Hello family and friends,
Our apricot trees are starting to blossom, but they hesitate, waiting for the final frost of the season.
Our church service was divided into home groups of ten people each. The busses are running less often, and limiting passengers to ten at a time. Few people are out and about. Sveta and I, our family and friend remain healthy. Life moves forward.
Our Patricia Koehler Memorial Transportation Scholarship Program continues! In 2007, the program sponsored its first two students. Since that time, five students have graduated university through our program. Nastya, our most recent graduate, is a conductor of music. Her program required eight years of study. She married last summer! This year, MUCH sponsors three students from three villages.
Daniel, 19 years old, is in his fourth year of college, studying radio technology. He wants to expand his education. The field of anesthesiology has caught his interest. As he studies this medical application, he will also learn how to apply his college training, and advance his university training to repair anesthesiology machines. Daniel will continue his education with the help of MUCH for another four years.
Julia’s mother, Daniel, and Julia
Julia, also 19 years old, is in her second year of university. She is majoring in Economics. She is one of five children in her family. Two of her brothers are married. Julia’s parents and other siblings are living in Poland as missionaries. Her father started a church to minister to the Ukrainian labor force in one city in Poland. Julia’s mother, Svetlana, was in Chornomorsk the night that Sveta and I visited the students. She made a special effort to visit us to express how grateful she and her husband are. I met Svetlana, Valodya, and their young family in 2002. They have struggled financially all of their lives. They send MUCH sponsors a very BIG THANK YOU!
Anya is 17 years old. She is in her first year of university, studying computer technology. She rides three different busses, taking one and a half hours each way. Her goal is to be a computer programmer, and work from her home. Also, she wants to use her new knowledge to help her church with different projects. Her father is drawing his pension. He fought in the Afghanistan war. Her mother operates a personal greenhouse, but only receives a decent seasonal wage.
We think that you will like our 2 minute video that compliments these stories: Mentally Challenged Children Learn to read using the computer.
Julia is 13 years old. She has changed a lot over the past seven years since I first met her. This precious child arrived at the orphanage in Dobromel from a Baby House. She was diagnosed as “Mild mental retardation”. Her parents were deprived of parental rights. Julia often cried, was embarrassed by her peers, separated herself from the other children, and strove for loneliness.
For these seven years, Julia has repeatedly received massage therapy. She had flat feet and scoliosis. Our MUCH massage therapist, Natasha, achieved good physical and psychological results.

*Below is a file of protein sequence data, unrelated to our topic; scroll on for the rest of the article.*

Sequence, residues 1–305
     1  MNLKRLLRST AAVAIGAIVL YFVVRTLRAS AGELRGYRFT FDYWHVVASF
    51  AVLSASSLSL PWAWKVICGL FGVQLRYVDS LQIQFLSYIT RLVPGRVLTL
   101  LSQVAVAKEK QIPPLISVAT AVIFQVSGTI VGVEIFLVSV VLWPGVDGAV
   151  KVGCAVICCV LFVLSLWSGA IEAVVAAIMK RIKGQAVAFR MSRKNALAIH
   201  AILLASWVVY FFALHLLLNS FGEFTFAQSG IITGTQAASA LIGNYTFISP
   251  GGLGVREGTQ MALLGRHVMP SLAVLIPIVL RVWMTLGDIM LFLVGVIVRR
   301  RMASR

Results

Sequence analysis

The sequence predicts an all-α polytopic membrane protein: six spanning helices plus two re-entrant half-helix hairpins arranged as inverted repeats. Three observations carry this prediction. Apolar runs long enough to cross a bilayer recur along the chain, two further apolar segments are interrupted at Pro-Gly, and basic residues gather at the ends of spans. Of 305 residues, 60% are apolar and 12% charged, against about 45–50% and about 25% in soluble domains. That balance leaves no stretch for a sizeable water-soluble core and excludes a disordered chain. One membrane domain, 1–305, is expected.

Four years ago, Julia began studying how to use a computer. This was not so easy for her and for other children with intellectual disabilities. These lessons are taught by our MUCH sponsored teacher, Luba, in the orphanage library.
Julia became sociable, looking for communication with adults and with children. In her efforts to study the computer she is very happy about the smallest results! Learning to use the keyboard helps Julia learn letters and build words and sentences. She is learning to read.
Luba works with students from the sixth to tenth grade inclusively. These children have emotional-volitional disorders and other difficult diagnoses. For girls and boys this is a favorite lesson. After all, the children not only learn, but also play on the computer. Luba uses special developmental game/programs that are “initial computer science for children.” Educational games inspire the children to learn.
Basically, all children are unable to focus on one topic for an extended period of time, so Luba motivates them to learn in various ways. At first they may play on tablets and computers, and then they have to do scholastic work on the computer or vice versa.
Mary is 13 years old. She is very emotional and impulsive. She has a mild intellectual disability. It’s hard for Mary to focus on a specific subject. Her attention is unstable and distracted. Because of her inconsistent and slow thinking, it is difficult for a her to remember the material that is taught. She gets tired quickly.
Thanks to the keyboard simulator, Mary studies the arrangement of letters on the keyboard. She is learning how to properly use and perform basic operations with the mouse. These lessons help Mary to focus and keep her attention on a given topic. Thinking through her actions, she is learning to make rough projections about her day.
Victor is 11 years old. His attention is unstable, his perception is slow, the child remembers the material after much repetition, he cannot draw conclusions on his own. But despite this, Victor knows all the letters, and reads the words. Victor cannot practically retell the contents of what he has read, but he answers the questions well. He is a very neat student. He creates clean calligraphic writing. In the classroom, Victor is calm and wants to seek new knowledge. He comes to computer class with joy and Luba is very pleased with him!
Luba hopes that the skills that children acquired in her lessons will be useful in their future lives.
Living my dream,
Thank you for your interest in our newsletters, our children, and Sveta and me. May God keep you healthy and safe in this challenging time.
You can see all of our videos at our Youtube site https://www.youtube.com/user/smmuch
Blessings of love and healing,
Mark and Sveta